Gregan had already joined Preston when Moyes was promoted to manager but initially joined Oldham on loan. Dennis Wise had made it clear that his days at Leeds were numbered and Gregan was keen to have a look before committing to what would probably be his final move. He had played against Sheridan and knew that he had been a quality player - "You could not get the ball off him" - and he was not disappointed by what he saw in training. There was a lot of time dedicated to ball work and it became clear that Shezza, as Gregan refers to his boss, shared Moyes' desire to try to win every game. "It is enjoyable and when you get to my age that is what you want," reflects Gregan.

The managerial road is one that I could easily imagine Gregan travelling down. In conversation Gregan is forthright and honest. He speaks very well about the game; what he has to say makes sense and moves beyond the usual level of cliché that has become standard fare in football these days. He is not averse to the odd quip but knows when to be serious. A natural leader as a player, he is the current Oldham captain.

All of that, though, will have to wait.

For now, Gregan wakes up each day looking forward to the 90-minute drive that takes him to training from his home in Harrogate. His philosophy is that you can never have too many promotions and he remains intent on winning another one.

It would give me real pleasure to see a player I have always regarded highly win another promotion. Who are the players you most admire from the lower divisions?

Comments

  • Comment number 1.

    Good article but i''l say it before everyone else does. Lancashire not Greater Manchester

  • Comment number 2.

    all rite, i'm no 1 on this blog. great stuff!

  • Comment number 3.

    why did that happen? anyhow, my favourite league player has gotta be james beattie. wonder why he's not in the premiership?

  • Comment number 4.

    I've also got plenty to say about this player, but admiration and legend status come nowhere near. He is no more than a cynical arrogant thug, as the countless bookings and odd leg-break will tell you. I simply cannot stand the man, he is mouthy, petulant, and disgracefully dirty. As far as I'm concerned his retirement can't come soon enough.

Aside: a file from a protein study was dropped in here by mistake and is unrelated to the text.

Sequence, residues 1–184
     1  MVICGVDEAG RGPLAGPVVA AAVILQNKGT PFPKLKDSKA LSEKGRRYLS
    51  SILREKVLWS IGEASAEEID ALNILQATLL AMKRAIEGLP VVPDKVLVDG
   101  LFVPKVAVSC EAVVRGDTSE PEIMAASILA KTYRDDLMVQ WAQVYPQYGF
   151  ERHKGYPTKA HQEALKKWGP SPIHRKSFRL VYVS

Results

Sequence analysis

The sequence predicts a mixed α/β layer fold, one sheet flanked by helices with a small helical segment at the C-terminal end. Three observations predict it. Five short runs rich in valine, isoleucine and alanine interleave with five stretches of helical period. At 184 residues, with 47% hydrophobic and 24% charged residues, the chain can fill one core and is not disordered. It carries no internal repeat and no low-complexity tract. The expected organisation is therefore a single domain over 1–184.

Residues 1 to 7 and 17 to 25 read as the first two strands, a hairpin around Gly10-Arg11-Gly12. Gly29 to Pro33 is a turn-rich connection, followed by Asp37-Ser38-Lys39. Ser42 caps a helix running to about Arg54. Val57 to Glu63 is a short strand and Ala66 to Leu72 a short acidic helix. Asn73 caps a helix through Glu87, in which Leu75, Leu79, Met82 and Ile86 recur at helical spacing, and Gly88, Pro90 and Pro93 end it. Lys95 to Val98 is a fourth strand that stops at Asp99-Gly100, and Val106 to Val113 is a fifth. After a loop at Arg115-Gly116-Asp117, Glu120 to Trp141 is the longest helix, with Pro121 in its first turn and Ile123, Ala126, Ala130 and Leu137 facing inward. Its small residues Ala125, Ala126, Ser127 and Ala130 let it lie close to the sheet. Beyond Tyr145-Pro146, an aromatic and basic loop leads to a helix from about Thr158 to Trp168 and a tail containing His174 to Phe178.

• Comment number 5.

    Spot on, Fletch!

    Not for nothing was Sean known by the Deepdale faithful as "God".

    An excellent passer and really the most obviously inspiring PNE captain I've ever seen, his midfield anchor role was the rock upon which our promotion push in 2000 was built.

    My abiding memory of him will remain an audacious chip over the Norwich goalkeeper back in the early Noughties... from the halfway line!!

    To the tune of Oggie-Oggie: "Gregan, Gregan, Gregan / God! God! God!!"

  • Comment number 6.

    It's nice to feel the love in your blog Mr Fletcher. Does Gregan know how you feel?

    In my mind, all respect has got to be given for Mr Darren Anderton. Slagged off his entire career for being lazy and a sicknote, how lazy is he being now? Slugging it out on minus 15 points, week in week out for a pretty measly wage at Bournemouth. He certainly doesn't have to do it for the money and it's not as if he just came down for a one season pay day, this is his second season and he stayed after we were relegated and on minus 15 points to start the season. He has surely silenced the doubts about his commitment.

    I was a doubter by the way and I have seen the light.

  • Comment number 7.

    Thanks Fletch - along with Tim Vickery you are one of the better column writers on the Football pages. It's always refreshing to see some coverage and read stories and views about life away from the Premier League and long may it continue.

  • Comment number 8.

    Great player for Darlo and i think one of our best ever players. Always a big favorite of mine. Good to see he got sent off for fouling a hanger! Keep up the good work Fletcher. A mention for Darlo in two consecutive blogs!

  • Comment number 9.

    What a brilliant article! I'm glad the swagger got a mention....Gregan forever a deepdale legend for me.

  • Comment number 10.

    Steve Bull. What a legend, and I speak as someone who doesn't come from anywhere near the Black Country.

  • Comment number 11.

    This comment was removed because the moderators found it broke the house rules. Explain.

  • Comment number 12.

    Really enjoy your pieces Fletch, good stuff.

  • Comment number 13.

    JamminBen - If you, like me, have bumped into Dazza in Bournemouth on a saturday night with at least one blonde (and orange) Bournemouth Bombshell on his arm, it might give an indication as to his committment to the place.